A Storm booster, Salisbury works for a cut rate.
“It’s really not enough for his services, but he’s happy to do it,” Bureau Valley football coach and Athletic Director Jeff Ohlson admits.
Build a family
Welty has helped set the bar not only at Newman, but also within the Accardi family as their physician.
“I will put him up against anyone in the nation,” Accardi said. “He doesn’t want to be there for the glory. He’s there for the kids. He believes in Newman, and he loves Newman.”
The two met 12 years ago, when Welty’s son, Anthony, was getting his equipment for the football season.
It’s just one of many serendipitous encounters that expedited Accardi’s success. The memory also reminds him to keep his eyes open for opportunities.
He saw dozens of them chomping at the bit in St. Louis.
“I could’ve gotten a kid out of college who would’ve busted his ass and made an immediate impact,” Accardi laments. “Even if they’d move on in 2 years, it would be worth it. And who knows? Maybe they’ll like it, like the area and settle down.
“Look at me.”
Who’s got what?
On Friday nights, you can expect to see the following medical personnel on their respective school’s sideline:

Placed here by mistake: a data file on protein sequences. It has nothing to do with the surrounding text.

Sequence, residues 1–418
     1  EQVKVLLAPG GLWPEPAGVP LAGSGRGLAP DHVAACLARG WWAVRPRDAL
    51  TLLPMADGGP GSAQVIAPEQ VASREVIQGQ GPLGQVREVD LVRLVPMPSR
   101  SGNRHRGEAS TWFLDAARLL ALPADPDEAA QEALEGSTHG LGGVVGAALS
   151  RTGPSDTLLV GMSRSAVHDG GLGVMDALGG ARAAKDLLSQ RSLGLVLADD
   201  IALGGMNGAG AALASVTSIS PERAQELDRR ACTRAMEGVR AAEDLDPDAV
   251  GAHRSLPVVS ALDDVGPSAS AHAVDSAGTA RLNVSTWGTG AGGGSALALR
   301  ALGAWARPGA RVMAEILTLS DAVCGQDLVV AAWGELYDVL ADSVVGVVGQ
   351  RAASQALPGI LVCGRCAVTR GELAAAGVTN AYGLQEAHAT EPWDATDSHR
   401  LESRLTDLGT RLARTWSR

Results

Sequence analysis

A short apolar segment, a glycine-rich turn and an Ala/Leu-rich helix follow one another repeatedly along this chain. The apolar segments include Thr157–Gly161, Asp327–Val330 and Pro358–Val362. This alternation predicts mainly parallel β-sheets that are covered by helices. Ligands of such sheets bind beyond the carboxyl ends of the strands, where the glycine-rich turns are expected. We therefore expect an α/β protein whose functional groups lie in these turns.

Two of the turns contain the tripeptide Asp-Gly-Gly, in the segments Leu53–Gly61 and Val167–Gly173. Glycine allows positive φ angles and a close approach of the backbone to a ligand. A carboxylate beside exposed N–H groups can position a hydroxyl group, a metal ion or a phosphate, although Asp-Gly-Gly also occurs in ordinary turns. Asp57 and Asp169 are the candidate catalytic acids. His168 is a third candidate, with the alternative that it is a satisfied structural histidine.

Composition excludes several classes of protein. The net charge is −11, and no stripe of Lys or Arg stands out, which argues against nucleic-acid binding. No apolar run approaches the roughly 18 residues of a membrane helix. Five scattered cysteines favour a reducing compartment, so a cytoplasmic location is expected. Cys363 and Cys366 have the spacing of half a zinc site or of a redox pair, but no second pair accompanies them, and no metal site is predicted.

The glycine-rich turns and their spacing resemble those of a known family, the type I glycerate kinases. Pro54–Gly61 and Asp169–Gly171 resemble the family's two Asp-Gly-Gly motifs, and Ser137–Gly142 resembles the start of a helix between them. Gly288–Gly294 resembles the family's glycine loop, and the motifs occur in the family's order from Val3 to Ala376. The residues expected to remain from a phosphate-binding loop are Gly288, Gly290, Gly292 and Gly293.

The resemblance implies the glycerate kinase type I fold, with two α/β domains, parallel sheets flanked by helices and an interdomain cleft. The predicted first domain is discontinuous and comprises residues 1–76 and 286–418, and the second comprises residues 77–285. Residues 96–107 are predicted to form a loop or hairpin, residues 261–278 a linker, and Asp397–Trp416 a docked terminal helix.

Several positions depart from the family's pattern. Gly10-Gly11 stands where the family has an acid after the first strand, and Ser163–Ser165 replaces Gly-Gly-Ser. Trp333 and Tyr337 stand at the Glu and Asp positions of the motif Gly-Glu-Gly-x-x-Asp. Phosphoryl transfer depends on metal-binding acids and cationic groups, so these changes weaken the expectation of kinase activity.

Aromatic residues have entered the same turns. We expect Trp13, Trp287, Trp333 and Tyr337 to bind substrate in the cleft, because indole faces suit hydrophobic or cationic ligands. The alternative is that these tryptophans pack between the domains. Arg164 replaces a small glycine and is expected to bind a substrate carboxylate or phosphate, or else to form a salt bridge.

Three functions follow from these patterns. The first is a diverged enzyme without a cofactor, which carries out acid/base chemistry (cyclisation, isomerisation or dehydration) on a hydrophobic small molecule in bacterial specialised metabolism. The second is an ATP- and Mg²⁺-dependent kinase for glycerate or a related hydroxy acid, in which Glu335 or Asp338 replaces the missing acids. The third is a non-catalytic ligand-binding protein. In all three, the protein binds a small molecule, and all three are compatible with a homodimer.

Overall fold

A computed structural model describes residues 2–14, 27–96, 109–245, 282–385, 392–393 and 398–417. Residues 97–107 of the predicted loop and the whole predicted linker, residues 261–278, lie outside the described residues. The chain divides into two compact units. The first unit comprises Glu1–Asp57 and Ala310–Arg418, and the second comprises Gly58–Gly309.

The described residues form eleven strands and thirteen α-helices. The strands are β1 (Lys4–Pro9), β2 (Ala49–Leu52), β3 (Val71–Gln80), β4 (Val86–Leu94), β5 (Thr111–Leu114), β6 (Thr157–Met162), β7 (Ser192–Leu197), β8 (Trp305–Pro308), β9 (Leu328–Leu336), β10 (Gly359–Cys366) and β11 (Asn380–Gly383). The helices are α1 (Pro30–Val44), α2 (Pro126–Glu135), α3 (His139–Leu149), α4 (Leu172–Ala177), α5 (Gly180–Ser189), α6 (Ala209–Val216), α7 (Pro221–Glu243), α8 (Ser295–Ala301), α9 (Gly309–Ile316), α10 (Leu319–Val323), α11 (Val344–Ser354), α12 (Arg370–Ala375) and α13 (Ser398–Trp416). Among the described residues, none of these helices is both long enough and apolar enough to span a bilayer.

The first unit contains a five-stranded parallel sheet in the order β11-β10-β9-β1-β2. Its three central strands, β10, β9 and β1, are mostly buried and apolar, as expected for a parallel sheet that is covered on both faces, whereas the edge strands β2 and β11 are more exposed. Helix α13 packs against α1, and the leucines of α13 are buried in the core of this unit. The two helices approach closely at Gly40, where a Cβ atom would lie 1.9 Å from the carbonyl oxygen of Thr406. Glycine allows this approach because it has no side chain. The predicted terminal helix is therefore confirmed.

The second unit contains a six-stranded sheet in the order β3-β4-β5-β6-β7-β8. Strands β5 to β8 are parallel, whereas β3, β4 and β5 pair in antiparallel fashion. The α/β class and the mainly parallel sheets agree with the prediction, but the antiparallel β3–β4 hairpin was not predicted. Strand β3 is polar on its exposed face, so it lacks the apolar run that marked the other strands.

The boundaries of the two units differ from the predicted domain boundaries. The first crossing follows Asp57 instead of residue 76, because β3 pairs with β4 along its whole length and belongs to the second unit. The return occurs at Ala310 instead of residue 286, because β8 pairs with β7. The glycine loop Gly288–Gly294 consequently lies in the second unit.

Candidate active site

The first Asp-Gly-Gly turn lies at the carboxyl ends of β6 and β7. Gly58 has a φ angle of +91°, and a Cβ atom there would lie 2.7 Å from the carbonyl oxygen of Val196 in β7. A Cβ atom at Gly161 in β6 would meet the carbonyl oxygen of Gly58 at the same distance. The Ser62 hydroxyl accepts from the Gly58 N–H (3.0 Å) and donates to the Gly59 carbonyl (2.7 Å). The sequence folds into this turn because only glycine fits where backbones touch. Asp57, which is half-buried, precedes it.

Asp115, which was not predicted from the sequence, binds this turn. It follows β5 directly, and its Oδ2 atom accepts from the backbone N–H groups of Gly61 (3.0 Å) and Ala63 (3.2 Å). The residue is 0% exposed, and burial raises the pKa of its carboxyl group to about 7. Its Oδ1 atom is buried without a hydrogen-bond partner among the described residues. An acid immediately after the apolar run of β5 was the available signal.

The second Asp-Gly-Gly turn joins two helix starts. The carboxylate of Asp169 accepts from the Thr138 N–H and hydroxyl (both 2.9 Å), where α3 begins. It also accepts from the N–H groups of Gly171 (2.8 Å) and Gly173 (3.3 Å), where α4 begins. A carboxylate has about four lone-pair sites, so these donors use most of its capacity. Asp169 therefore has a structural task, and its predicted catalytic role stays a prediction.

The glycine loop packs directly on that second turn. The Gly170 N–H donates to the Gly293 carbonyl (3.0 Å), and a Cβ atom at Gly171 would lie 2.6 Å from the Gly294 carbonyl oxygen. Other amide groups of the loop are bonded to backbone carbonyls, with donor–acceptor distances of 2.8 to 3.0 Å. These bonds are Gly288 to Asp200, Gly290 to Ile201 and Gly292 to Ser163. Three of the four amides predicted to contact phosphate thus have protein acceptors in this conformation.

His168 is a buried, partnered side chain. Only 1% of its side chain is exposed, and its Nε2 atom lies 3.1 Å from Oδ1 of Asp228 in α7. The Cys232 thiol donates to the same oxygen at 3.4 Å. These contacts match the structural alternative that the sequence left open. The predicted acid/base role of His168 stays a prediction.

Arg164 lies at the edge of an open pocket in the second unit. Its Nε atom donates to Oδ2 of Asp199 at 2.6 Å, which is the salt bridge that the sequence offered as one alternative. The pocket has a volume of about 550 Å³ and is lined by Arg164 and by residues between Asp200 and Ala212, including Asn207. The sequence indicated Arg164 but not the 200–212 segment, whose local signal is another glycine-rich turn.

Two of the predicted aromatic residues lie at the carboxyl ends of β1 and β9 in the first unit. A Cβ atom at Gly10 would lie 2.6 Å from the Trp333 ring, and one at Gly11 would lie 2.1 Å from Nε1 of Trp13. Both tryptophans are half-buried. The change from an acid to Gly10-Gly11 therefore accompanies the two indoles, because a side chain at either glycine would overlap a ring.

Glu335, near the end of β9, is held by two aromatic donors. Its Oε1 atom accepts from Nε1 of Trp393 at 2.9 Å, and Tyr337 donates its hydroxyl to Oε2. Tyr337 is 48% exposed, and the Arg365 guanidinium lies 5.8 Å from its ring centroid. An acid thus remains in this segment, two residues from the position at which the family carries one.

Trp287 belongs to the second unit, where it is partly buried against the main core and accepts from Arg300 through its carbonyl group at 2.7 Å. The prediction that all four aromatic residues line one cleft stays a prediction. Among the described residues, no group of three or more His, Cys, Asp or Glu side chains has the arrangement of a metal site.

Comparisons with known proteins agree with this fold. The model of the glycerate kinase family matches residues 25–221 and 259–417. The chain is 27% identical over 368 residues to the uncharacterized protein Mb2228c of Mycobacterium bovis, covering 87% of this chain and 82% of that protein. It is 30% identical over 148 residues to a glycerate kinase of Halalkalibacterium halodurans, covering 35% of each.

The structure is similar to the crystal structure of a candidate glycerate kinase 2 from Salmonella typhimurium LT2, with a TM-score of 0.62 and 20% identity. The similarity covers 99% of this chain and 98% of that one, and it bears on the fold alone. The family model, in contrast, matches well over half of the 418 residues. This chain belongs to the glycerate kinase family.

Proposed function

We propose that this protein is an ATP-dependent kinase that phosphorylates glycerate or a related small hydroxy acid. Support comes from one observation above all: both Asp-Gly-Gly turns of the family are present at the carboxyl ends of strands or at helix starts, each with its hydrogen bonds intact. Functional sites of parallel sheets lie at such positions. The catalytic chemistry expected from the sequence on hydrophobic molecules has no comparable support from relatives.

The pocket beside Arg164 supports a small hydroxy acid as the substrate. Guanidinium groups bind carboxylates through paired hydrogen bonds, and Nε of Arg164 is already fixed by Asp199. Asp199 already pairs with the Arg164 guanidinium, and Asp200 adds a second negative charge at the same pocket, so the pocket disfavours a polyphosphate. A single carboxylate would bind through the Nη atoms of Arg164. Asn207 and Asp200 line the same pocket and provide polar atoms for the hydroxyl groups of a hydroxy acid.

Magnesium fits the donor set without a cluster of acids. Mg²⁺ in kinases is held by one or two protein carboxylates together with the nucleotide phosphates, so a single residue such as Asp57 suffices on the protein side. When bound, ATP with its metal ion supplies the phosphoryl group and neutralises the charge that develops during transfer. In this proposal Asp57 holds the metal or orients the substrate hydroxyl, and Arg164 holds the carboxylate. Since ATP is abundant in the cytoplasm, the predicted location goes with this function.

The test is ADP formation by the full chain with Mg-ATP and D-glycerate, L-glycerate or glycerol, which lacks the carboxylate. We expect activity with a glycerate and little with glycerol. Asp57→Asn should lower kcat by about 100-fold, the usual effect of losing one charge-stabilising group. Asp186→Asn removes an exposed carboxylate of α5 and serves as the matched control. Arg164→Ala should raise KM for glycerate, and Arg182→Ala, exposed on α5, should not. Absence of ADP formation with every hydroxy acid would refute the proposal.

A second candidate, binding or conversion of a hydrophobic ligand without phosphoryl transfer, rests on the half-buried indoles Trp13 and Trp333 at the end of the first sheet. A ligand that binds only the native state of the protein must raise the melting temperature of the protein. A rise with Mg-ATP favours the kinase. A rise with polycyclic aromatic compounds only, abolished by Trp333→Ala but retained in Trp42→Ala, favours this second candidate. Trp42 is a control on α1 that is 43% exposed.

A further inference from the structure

Amboy – Dr. Kurt Crowe, from KSB; EMTsAFC – Chiropractor; volunteer EMTs from fire departmentBureau Valley – Part-time athletic trainer Scott Salisbury; EMTsDixon – Dr. David Deets, KSB Dixon; EMTsEastland-Pearl City – EMTsErie-Prophetstown – Physical therapist from Hammond-Henry in Geneseo; EMTsMilledgeville – Part-time athletic trainer Darrick Druce, EMTsMorrison – Volunteer chiropractor Dr. John Miller; EMTs from Morrison Health Care CenterNewman – Full-time athletic trainer Andy Accardi; at least one of the following: Dr. Joseph Welty; Dr. Shawn Hanlon; Dr. William Long; Dr. Jonathan Ortman; all from KSB; EMTsOregon – Part-time athletic trainer John Cain; EMTsRock Falls – Part-time athletic trainer Shane Brown; EMTsSterling – Full-time athletic trainer Andi Sumerfelt; Dr. Tyler Gunderson, from KSB; EMTsFulton – Vounteer EMTsPolo – Occasionally a volunteer athletic trainer; paid EMTsWest Carroll – EMTs
To read more from our special series on sports concussion, please check out The Hidden Injury project page on saukvalley.com. Click here to visit.